Congress can’t say “occupation”

Congresswoman Rashida Tlaib gave a powerful speech last week saying a House resolution ”legitimizes inequality, ethnic discrimination and inhumane conditions.”

Michael Brochstein ZUMA

Republicans voted overwhelmingly Friday for Israeli apartheid in the West Bank.

They did so by voting against House Resolution 326 which backs the two-state solution and rejects Israeli annexation of the West Bank.

While the so-called two-state solution may be defunct, Republicans’ silence on what would replace it suggests they’re fine with Israel entrenching the apartheid system it has been establishing in the West Bank over the last five decades.

They certainly aren’t bubbling with excitement about the prospect of one person, one vote.

As for the Democrats, it’s just more words, words, words. Words with no teeth – never any teeth.

In the 226-188 vote, members of the House of Representatives couldn’t even muster the courage to call the occupation an occupation.

Five Republicans joined the Democratic majority to back the resolution. Four Democrats – and independent Palestinian American Justin Amash – voted against the resolution.

Notably, the Democrats who voted against the resolution are members of “The Squad” – recently elected progressives who have been more critical of Israel and supportive of Palestinian rights than other House members. For them, it did not go far enough.

Stripped from the resolution was language that called for “an end to the occupation.”

The version that passed makes no mention of “occupation” at all. But it does include the make-believe assertion that “for more than 20 years, presidents of the United States from both political parties have opposed settlement expansion.”

Even former US diplomat Aaron David Miller, Israel’s self-described “attorney” during years of Arab-Israeli negotiations, and Daniel Kurtzer, a former US ambassador to Israel, recently described it as fantasy to think the US ever meaningfully opposed settlements.

They made the observation after Secretary of State Mike Pompeo’s announcement last month that the US no longer considers Israel’s settlements on occupied Palestinian land to violate international law.

According to Miller and Kurtzer, the Trump administration’s decision merely formalized the “de facto approach of US administrations over the course of four decades to acquiesce to, even enable, the Israeli settlement enterprise.”

Over those decades, they note, the US remained “silent on the issue of legality” and failed to “impose a penalty that could limit or discourage Israel’s settlement policies.”

Complicit when it mattered, they add: “We watched this happen, up close, during our more than 50 combined years of service in US diplomacy under both Republican and Democratic administrations.”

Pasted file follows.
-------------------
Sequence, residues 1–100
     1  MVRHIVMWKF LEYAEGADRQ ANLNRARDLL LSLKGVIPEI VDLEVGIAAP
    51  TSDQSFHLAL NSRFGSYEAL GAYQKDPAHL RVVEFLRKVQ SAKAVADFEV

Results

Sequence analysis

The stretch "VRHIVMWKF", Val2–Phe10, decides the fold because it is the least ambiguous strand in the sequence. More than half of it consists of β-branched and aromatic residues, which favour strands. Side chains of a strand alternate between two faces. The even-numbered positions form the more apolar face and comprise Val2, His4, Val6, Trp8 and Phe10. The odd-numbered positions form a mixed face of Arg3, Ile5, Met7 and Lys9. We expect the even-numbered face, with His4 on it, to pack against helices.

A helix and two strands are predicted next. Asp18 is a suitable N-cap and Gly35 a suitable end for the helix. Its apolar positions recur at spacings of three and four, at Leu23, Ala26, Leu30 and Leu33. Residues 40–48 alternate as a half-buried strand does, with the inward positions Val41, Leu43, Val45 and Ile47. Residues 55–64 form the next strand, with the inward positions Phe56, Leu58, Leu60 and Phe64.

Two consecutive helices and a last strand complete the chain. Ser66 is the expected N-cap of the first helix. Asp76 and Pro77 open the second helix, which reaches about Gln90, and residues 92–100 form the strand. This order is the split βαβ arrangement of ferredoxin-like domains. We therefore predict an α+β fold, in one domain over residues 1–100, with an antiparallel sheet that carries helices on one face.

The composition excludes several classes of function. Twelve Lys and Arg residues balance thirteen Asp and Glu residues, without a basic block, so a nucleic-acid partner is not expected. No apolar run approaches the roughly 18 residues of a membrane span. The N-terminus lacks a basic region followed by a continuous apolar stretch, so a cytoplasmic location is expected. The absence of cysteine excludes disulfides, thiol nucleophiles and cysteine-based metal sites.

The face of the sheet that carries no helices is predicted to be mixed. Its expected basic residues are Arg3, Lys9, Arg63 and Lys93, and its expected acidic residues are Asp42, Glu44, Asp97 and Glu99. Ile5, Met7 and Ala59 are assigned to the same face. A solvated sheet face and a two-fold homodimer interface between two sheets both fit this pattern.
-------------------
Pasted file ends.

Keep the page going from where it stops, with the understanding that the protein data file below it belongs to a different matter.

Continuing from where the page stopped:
With the vote, most Democratic members of this Congress are complicit as well – and some have been for decades.

There’s no language spelling out sanctions for Israel if it continues on its course of settlements and threatening to annex the Jordan Valley.

And, actually, it’s worse. Democratic Congressman Josh Gottheimer of New Jersey successfully introduced an amendment making it clear that military aid to Israel will continue.

It’s business as usual, always business as usual, even as President Donald Trump and Prime Minister Benjamin Netanyahu move with alacrity to change the facts on the ground.

As Israel solidifies apartheid, Gottheimer and scores of other Democrats have made clear that the US won’t stop or minimize the military aid. In fact, they insist that all $38 billion approved over 10 years by the Obama administration must go through.

Politico described Gottheimer’s amendment “as a direct shot” at Democratic presidential hopeful Bernie Sanders: The Vermont senator has said he would reduce US military aid to Israel to curb its abuses of Palestinian rights.

In a tweet, Gottheimer took a shot at Congresswoman Ilhan Omar, who voted no along with the other three members of “The Squad” – Rashida Tlaib, Alexandria Ocasio-Cortez and Ayanna Pressley.

Their opposition to the resolution is a reminder that a small number of congressional Democrats grasp the urgent need for pressure.

Representative Betty McCollum of Minnesota voted present.

The Minnesota Democrat issued her own statement calling for conditioning aid to Israel in order to protect Palestinian children, homes and land.

Jesús “Chuy” García of Illinois joined McCollum in voting present.

Speaking on the House floor, Tlaib took the strongest position among Democrats.

By backing a two-state solution, the Michigan congresswoman said, the resolution “not only endorses an unrealistic, unattainable solution – one that Israel has made impossible – but also one that legitimizes inequality, ethnic discrimination and inhumane conditions.”

Pointing out how Israeli laws have “effectively made Palestinians second-class citizens,” Tlaib said “separate but equal didn’t work in our country, and I can’t see it [being] possible in other countries.”

Although the vast majority of Democratic lawmakers backed the resolution, there are cracks in the consensus as grassroots support for Palestinian rights breaks into Congress and into the views of some Democratic presidential contenders.




I have no problem with this. I don’t say occupation nearly as much as “Ethnic Cleansing. Racism. Supremacism. Jim Crow. Just like with the native Americans”. So they can have the word occupation. I don’t need it Winky eye emoji

Michael F. Brown

Michael F. Brown is an independent journalist. His work and views have appeared in The International Herald Tribune,, The San Diego Union-Tribune, The News & Observer, The Atlanta Journal-Constitution, The Washington Post and elsewhere.